Cannes: Venice Golden Lion-winning filmmaker Mira Nair, who is in Cannes this year as the mentor of the Institut Francais’ La Fabrique programme, is all set to begin filming her long-in-gestation adaptation of Vikram Seth’s best-selling novel ‘A Suitable Boy’ in September in Delhi and other locations across northern India.
“I’m already deep into the project, which is a BBC series of six one-hour episodes. The casting is 80 per cent done,” she told PTI in an interview here.
However, she has yet to take the final call on who will play Lata, the young woman at the heart of the sprawling story.
“I’ve been looking for an actress to play Lata for six months now. A major movie star wants to do it. I would love to have her on board. But I am also looking at a couple of unknown possibilities. I cannot, therefore, declare a name because it is still cooking,” said Nair.
Her connection with ‘A Suitable Boy’ goes back to 1994, the year the book was published.
“I simply love the book. I tried to get the rights when it was written,” she said.
“But it was too big and too hard to adapt at that point. So, I created my own microcosmic response to the huge epic by making my own intimate ‘Monsoon Wedding’. It is great to be going back to it.”
A large part of the ensemble cast for ‘A Suitable Boy’ is already in place and among the names Nair mentions are Tabu, Shefali Shah, Vivek Gomber, Rasika Dugal and Vivaan Shah.
She is also close to signing up Naseeruddin Shah in a key role.
“We would love to premiere ‘A Suitable Boy’ in a major film festival,” said Nair.
“In fact, we’d like to bring it to Cannes. We’ll be finished in time for the festival in 2020. But if not Cannes, then Venice.”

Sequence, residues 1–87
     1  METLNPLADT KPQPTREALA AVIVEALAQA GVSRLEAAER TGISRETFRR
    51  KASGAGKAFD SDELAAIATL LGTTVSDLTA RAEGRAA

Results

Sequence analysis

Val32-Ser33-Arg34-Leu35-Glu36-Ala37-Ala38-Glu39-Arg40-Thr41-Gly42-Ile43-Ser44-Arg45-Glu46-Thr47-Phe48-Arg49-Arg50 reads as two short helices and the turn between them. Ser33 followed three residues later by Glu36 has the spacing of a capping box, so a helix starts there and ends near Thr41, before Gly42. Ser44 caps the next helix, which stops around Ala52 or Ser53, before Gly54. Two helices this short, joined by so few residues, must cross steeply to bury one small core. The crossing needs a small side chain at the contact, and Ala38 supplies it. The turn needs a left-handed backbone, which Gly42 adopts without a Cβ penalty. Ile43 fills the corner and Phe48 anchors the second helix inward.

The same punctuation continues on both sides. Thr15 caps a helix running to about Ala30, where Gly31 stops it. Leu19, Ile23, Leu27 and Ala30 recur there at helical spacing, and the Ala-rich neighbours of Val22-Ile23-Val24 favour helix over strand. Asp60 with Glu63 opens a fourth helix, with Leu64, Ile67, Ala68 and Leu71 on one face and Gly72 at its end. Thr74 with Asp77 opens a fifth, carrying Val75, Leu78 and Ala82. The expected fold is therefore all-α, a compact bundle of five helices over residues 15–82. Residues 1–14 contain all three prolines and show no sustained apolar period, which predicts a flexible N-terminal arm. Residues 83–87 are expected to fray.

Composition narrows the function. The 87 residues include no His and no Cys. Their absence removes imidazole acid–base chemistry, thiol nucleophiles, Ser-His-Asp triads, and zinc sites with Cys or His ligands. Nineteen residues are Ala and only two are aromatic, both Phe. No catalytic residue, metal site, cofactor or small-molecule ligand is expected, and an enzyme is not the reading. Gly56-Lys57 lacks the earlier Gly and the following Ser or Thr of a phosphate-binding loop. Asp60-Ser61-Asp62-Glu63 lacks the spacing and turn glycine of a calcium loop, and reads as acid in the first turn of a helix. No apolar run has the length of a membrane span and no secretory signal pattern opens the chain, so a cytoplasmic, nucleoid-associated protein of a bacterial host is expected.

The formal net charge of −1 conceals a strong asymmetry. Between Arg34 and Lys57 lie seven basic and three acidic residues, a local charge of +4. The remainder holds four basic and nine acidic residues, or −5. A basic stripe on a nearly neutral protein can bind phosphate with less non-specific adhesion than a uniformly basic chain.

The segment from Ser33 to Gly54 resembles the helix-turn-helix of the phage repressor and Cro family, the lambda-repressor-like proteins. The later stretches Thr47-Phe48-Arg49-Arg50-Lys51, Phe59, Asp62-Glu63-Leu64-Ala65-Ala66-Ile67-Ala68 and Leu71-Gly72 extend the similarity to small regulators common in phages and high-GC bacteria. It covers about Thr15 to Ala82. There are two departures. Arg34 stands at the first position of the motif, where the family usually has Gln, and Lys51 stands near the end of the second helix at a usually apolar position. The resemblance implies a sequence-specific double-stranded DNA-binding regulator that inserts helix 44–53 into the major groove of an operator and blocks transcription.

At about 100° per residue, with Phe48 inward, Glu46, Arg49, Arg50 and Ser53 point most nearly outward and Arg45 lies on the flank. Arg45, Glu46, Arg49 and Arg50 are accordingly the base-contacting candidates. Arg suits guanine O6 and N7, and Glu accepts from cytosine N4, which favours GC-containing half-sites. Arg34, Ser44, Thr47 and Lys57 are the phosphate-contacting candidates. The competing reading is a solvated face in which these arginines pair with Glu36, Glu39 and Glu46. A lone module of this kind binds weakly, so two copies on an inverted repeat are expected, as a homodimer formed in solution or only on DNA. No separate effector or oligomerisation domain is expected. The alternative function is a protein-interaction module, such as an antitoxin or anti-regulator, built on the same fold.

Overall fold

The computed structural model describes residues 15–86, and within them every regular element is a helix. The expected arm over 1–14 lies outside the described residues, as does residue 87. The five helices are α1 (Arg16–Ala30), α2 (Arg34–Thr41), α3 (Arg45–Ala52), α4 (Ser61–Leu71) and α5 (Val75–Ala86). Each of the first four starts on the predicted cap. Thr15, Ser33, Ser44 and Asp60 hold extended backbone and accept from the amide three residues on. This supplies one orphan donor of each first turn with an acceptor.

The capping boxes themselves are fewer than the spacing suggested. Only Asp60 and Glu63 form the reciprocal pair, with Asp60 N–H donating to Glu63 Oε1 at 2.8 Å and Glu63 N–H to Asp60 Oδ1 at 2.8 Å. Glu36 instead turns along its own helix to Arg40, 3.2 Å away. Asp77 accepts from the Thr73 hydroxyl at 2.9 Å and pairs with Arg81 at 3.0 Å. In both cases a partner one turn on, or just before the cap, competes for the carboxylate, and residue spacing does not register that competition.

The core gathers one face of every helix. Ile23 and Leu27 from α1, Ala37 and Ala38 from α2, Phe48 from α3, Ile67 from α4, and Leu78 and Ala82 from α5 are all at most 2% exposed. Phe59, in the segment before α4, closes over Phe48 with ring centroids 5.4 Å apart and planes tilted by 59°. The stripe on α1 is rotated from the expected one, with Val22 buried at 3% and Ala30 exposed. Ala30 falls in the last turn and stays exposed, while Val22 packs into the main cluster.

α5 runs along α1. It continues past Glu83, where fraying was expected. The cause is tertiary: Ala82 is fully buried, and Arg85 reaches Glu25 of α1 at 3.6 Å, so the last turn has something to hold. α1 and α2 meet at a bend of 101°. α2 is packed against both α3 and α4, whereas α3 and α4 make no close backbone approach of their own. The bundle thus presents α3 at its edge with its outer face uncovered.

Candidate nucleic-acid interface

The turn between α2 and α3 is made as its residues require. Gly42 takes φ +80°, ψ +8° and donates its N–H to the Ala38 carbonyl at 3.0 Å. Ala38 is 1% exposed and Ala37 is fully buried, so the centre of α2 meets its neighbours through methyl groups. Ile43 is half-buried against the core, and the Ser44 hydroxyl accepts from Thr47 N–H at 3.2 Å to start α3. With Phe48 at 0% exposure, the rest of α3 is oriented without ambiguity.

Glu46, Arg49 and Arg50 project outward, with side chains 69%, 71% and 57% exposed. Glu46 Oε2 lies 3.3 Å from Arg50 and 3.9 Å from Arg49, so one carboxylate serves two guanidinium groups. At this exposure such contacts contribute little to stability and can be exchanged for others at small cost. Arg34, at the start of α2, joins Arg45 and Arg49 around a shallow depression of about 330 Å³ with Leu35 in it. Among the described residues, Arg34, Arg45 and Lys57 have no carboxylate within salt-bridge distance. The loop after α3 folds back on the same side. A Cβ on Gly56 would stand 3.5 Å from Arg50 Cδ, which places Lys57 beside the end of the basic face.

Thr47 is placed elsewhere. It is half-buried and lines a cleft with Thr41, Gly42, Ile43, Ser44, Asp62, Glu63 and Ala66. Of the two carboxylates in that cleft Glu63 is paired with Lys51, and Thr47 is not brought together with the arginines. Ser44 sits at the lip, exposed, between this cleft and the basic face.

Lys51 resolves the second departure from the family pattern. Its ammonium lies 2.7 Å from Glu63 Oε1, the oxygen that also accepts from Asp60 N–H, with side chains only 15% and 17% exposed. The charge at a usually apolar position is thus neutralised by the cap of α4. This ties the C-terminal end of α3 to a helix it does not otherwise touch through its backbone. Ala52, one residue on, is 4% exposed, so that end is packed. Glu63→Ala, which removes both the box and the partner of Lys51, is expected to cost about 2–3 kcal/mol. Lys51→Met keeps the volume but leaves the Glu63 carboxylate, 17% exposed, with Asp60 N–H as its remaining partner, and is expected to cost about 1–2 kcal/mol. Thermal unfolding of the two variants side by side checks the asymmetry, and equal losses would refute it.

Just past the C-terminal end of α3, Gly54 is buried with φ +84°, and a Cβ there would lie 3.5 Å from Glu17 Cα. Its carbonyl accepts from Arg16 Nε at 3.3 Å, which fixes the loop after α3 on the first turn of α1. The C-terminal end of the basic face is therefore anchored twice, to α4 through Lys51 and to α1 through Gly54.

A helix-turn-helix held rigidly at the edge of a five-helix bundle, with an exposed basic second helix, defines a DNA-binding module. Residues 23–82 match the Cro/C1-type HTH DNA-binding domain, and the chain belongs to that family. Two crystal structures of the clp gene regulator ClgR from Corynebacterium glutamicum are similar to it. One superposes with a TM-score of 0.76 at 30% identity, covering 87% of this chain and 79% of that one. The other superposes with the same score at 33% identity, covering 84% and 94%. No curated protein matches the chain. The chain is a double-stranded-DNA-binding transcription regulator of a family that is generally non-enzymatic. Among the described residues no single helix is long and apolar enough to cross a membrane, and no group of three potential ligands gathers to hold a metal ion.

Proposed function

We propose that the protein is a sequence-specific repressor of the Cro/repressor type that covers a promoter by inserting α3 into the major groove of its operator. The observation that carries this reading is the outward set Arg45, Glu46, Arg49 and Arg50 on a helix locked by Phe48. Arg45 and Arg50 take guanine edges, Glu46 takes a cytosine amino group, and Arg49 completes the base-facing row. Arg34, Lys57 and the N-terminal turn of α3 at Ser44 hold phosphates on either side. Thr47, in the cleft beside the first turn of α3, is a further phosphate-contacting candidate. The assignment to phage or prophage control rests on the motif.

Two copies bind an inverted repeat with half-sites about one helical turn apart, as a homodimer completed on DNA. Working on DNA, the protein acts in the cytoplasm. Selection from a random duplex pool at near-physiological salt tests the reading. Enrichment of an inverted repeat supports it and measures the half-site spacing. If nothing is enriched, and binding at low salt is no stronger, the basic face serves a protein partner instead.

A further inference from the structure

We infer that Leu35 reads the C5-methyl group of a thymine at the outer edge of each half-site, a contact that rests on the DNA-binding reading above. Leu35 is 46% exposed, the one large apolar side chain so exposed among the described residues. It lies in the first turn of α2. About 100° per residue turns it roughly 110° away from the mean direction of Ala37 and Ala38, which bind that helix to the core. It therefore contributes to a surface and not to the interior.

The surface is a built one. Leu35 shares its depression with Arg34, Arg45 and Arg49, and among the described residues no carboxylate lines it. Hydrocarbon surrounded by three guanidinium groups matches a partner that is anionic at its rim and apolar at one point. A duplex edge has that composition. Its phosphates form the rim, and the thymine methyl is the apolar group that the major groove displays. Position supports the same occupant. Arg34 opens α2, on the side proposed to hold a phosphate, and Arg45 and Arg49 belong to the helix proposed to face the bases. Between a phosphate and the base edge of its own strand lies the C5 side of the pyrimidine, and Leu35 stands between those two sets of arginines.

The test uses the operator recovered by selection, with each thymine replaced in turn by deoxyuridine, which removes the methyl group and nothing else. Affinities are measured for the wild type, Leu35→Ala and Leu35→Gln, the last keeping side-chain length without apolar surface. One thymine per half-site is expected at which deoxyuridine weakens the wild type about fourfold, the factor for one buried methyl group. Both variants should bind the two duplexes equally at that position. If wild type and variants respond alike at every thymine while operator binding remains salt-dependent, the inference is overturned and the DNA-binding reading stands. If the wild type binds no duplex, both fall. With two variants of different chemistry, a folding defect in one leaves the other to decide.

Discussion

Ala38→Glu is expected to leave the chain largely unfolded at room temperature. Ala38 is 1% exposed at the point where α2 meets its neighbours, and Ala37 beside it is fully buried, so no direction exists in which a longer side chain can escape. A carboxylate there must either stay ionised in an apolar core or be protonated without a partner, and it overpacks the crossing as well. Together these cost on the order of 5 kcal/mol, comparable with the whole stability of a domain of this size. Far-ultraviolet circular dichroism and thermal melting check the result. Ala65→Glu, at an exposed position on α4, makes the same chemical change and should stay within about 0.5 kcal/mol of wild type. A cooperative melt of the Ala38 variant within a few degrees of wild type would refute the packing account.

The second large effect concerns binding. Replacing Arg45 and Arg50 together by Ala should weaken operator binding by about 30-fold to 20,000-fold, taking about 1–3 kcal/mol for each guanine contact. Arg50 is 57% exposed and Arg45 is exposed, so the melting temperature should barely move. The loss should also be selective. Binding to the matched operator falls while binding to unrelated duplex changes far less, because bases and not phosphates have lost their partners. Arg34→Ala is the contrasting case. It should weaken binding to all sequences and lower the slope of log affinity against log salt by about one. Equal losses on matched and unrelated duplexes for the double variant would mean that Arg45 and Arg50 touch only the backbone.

The other big Mira Nair project that will premiere in 2020 – in July, to be precise – is a stage musical version of ‘Monsoon Wedding’.
“I am shooting all of this year and then editing ‘A Suitable Boy’. ‘Monsoon Wedding’ will be first staged in Roundhouse Theatre after the BBC series is wrapped,” she said.
The first Indian filmmaker to win the Cannes Camera d’Or – for ‘Salaam Bombay’ in 1988 – she failed to get either ‘Monsoon Wedding’ or ‘The Namesake’ into the Cannes Film Festival.
“I was dejected, and grateful in hindsight, that ‘Monsoon Wedding’ was rejected by Cannes. But I came to the Cannes Film Market and the film was sold to virtually every major territory,” she recalled.
‘Monsoon Wedding’ eventually went to Venice and the rest is history.
Asked why Indian films have been finding it difficult to crack Cannes of late, she said, “The onus isn’t only on us. The answer also lies in what the French are looking for, and who they want to champion.”